LHSAA may reduce its classes from seven to five

If you want “interesting” reading for your library, the Louisiana High School Athletic Association has published 34 pages of items that will be up for a vote at its annual meeting on Jan. 27.

The proposals are not as bizarre and anti-private school in nature as they have been over the past three conventions. But the public school principals will have won over few friends from the other side.
 
For instance, the principals are expected to ratify the new constitutional amendment that divides “select” (non-public) and “non-select” (public) schools into separate playoff categories for basketball, baseball and softball.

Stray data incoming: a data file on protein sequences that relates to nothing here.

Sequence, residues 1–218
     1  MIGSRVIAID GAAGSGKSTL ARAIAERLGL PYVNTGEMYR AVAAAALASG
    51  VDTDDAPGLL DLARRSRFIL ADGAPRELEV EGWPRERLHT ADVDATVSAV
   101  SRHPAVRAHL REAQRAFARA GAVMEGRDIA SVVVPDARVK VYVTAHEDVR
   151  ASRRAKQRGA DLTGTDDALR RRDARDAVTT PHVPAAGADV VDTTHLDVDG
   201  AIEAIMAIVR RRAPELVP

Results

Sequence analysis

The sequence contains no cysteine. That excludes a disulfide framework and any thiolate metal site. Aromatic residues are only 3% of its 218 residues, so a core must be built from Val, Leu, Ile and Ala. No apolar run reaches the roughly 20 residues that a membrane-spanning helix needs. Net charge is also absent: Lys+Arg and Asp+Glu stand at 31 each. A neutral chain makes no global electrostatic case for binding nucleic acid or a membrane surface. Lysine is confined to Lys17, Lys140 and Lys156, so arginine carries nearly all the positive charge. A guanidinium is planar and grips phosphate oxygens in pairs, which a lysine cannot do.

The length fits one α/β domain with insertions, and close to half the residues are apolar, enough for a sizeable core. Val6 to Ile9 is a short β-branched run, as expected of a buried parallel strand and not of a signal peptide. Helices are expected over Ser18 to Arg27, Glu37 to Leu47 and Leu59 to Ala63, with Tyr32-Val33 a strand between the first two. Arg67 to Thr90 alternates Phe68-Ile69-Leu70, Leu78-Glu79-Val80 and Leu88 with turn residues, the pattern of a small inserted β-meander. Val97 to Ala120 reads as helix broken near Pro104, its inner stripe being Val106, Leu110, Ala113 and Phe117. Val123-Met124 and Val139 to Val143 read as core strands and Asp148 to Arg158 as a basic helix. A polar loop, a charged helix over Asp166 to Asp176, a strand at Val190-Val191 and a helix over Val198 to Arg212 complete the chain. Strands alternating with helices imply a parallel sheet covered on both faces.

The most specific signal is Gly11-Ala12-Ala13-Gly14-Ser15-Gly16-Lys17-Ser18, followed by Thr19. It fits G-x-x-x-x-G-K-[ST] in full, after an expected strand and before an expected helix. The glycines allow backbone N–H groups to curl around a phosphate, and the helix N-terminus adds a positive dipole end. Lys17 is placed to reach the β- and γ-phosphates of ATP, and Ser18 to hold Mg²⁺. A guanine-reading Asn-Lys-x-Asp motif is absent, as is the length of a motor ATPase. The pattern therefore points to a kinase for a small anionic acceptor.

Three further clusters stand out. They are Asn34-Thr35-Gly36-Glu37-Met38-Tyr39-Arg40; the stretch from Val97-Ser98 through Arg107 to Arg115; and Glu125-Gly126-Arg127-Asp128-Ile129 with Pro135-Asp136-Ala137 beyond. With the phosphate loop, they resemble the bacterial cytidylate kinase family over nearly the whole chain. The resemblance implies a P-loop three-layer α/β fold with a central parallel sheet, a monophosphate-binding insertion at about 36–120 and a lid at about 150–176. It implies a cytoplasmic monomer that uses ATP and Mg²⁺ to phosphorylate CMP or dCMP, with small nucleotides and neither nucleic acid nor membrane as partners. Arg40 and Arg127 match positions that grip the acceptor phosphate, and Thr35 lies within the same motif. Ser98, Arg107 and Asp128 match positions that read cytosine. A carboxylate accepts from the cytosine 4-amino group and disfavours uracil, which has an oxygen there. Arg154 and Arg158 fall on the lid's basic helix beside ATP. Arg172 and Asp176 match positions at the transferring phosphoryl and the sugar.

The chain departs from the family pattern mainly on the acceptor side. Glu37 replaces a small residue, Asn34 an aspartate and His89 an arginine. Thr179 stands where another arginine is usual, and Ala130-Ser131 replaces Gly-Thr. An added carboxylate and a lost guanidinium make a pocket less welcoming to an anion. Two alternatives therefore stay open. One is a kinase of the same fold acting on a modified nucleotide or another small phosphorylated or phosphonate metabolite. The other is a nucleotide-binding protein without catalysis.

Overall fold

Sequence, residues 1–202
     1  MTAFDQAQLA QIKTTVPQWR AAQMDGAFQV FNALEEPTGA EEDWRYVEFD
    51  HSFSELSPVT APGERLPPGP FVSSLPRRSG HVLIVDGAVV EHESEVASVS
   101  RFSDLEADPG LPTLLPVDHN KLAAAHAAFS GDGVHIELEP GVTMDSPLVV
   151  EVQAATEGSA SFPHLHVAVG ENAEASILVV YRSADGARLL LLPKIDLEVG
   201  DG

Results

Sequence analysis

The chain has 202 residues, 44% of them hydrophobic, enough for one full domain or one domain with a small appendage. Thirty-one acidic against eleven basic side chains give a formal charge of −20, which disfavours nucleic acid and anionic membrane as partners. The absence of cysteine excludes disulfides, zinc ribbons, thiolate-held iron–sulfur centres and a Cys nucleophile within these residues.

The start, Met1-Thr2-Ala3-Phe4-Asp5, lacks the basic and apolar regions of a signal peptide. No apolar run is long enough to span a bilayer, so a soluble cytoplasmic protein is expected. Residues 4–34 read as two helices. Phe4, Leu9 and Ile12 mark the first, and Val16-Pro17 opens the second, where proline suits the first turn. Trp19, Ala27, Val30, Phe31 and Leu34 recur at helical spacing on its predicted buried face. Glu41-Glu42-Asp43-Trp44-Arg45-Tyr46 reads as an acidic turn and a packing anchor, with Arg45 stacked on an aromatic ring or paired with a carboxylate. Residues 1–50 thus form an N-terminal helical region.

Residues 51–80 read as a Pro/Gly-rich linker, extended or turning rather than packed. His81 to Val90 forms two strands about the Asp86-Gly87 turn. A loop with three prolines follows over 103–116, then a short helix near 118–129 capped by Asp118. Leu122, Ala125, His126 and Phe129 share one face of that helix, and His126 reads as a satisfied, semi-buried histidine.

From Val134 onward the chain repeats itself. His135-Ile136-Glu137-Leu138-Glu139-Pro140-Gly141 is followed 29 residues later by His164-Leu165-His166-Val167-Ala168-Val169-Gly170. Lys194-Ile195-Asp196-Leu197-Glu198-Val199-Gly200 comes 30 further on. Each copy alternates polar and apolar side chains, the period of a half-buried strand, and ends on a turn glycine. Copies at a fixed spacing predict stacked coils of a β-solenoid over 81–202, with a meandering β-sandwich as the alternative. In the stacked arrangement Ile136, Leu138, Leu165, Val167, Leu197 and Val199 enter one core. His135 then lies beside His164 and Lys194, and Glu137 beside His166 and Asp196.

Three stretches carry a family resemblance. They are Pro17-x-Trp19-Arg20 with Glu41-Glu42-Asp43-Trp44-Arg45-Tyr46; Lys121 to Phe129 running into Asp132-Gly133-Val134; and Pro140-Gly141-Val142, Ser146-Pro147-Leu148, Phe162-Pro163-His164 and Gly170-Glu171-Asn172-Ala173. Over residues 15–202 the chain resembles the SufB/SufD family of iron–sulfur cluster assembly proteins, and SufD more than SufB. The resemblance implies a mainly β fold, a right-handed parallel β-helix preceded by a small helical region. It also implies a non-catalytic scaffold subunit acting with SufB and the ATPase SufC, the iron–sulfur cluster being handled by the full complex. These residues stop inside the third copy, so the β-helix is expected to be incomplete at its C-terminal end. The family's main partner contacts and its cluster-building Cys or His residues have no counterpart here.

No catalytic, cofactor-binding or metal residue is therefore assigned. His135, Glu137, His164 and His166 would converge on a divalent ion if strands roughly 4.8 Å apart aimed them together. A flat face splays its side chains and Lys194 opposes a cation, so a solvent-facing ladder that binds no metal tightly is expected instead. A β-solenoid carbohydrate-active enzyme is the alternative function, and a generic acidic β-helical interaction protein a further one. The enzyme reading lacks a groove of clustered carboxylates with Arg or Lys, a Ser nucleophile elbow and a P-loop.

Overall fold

As if football wasn’t bad enough.
 
Although districts will continue to be composed of public and non-public schools, they will go their separate ways when the playoffs begin.

One interesting proposal would eliminate classes B and C (good luck with that), reducing the number of classes from seven to five. They would be divided based on enrollment, counting from the smallest to the largest enrollments.

The two lower classes, which do not compete in football, would become Class 1A. And schools in that bottom class that do participate in football would do so in Class 2A. Someone is starting to get it that Louisiana is a small pond. But will the “little guys” go for it?

Some sensible proposals
There are a number of newbie proposals I do like.